Pets adapt quickly and easily to full-time RV living because it is no different than living in a house or an apartment. Dogs and cats are important members of some families, and there is no way their owners would leave them behind. It does require some extra thought and planning to ensure that they and their owners enjoy a happy, healthy existence in the limited space of an RV. Most RV parks are pet-friendly, but some may have strict rules governing pets. It is important to learn the park’s policies on pets before establishing a permanent or semi-permanent residence.
Helping Pets Adjust to the RV Environment
Dogs and cats thrive on consistency. It may be a challenge for them to adjust to the surrounding environment outside the RV. Unusual sounds of nearby people or other pets may cause anxiety in any pet. Keeping them close and developing a routine reassures them that this is their new home and that you will be there for them.
It is important for dogs to be frequently walked. Most parks that allow pets have designated walking areas that are usually fenced. Some even have a “playground-like” atmosphere where dogs and owners can interact. Dogs must be leashed when walking in most RV communities for the safety of other residents and pets. Not only is it considerate for dog owners to pick up their pet’s waste, but it is a requirement. This keeps the area clean and healthy for all residents.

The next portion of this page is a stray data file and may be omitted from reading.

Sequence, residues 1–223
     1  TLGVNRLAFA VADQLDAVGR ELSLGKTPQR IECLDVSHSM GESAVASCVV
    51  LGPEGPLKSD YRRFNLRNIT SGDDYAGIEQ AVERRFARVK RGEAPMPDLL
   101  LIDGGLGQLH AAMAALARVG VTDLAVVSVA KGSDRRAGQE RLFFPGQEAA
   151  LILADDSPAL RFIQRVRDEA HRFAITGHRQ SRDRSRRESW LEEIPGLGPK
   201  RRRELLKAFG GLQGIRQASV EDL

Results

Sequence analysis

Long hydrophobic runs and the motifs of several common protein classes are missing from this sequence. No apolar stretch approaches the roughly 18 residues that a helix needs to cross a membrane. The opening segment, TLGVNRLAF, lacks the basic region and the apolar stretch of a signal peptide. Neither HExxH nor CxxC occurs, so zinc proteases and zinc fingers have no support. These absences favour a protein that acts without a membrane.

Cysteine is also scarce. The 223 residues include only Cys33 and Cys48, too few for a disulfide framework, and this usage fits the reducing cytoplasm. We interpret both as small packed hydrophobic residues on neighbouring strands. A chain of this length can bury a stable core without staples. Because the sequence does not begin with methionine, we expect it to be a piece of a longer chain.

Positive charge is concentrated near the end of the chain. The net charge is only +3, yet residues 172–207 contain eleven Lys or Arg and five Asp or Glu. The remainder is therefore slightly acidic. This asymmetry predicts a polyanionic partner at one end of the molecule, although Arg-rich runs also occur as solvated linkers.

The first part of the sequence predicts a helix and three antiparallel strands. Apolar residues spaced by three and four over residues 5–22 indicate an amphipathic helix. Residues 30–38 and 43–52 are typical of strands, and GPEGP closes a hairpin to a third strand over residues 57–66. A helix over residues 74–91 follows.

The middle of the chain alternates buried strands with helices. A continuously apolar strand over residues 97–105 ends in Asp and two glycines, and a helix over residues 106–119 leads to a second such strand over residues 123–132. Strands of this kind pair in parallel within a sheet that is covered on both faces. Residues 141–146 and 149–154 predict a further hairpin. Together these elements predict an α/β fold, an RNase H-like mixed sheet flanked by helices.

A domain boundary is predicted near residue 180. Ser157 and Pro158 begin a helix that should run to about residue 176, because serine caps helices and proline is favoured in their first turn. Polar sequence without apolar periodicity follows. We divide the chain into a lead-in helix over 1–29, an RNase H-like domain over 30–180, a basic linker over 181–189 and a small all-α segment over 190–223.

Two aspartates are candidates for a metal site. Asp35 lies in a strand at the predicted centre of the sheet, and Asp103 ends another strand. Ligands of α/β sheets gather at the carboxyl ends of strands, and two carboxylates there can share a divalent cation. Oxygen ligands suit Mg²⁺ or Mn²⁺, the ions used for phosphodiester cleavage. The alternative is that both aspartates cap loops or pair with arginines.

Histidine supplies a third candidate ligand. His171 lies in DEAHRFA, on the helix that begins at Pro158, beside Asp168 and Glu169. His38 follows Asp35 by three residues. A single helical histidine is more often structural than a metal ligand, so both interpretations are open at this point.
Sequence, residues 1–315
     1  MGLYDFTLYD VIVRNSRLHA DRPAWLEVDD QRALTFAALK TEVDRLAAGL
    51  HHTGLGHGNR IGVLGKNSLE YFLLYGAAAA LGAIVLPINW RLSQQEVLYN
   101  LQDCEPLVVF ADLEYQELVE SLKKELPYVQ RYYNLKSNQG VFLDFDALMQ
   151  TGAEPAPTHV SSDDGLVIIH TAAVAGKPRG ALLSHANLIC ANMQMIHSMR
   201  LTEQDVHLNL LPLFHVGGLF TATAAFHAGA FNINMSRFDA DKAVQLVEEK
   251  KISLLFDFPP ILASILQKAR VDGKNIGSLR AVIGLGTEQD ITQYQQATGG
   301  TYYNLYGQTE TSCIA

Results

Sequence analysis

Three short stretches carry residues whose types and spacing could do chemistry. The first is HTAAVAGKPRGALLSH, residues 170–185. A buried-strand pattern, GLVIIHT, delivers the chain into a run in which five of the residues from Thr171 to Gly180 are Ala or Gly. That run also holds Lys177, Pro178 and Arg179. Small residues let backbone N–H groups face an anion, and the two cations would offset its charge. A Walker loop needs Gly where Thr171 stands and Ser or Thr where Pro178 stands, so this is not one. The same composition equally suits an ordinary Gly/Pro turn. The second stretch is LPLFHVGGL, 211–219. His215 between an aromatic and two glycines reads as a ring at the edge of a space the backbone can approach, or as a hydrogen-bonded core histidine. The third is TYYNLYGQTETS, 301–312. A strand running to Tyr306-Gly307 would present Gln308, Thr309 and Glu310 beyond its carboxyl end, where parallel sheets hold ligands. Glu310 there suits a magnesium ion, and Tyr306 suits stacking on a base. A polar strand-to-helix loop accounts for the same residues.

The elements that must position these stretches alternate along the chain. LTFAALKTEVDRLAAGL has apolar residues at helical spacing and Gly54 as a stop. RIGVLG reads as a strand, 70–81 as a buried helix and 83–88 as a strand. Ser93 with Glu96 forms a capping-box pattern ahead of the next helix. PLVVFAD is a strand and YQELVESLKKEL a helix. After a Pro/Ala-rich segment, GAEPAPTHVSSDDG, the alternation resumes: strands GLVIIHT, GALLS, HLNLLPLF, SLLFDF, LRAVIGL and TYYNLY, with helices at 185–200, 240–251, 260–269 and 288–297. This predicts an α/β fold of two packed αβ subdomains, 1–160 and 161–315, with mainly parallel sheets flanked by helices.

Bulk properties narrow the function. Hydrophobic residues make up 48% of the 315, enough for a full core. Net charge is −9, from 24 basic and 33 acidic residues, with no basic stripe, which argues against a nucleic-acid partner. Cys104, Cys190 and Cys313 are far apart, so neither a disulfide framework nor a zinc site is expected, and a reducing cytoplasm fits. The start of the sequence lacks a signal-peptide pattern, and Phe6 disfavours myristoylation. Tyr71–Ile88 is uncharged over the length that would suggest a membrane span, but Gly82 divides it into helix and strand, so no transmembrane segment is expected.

RV parks that allow pets expect dog owners to realize that it is a privilege to own a dog and not a right. Dogs that exhibit bad behavior or are always barking will not be tolerated in RV communities, but well-trained pets are welcome. They provide many hours of enjoyment for their owners as well as love and companionship.
Leaving Pets Alone
Sometimes it may be necessary to leave a pet alone for a few hours at a time, especially if the owner must work. Dog crates work well when the owner has to be away. As long as dogs or cats have food and water available and are in a climate-controlled environment, crating works well. Animals feel more secure in a confined space, and this prevents them from causing damage to furnishings and other things. Most animals adapt well to crates after a few times and a bunch of treats. As long as they are allowed to go outside every few hours, they will do fine.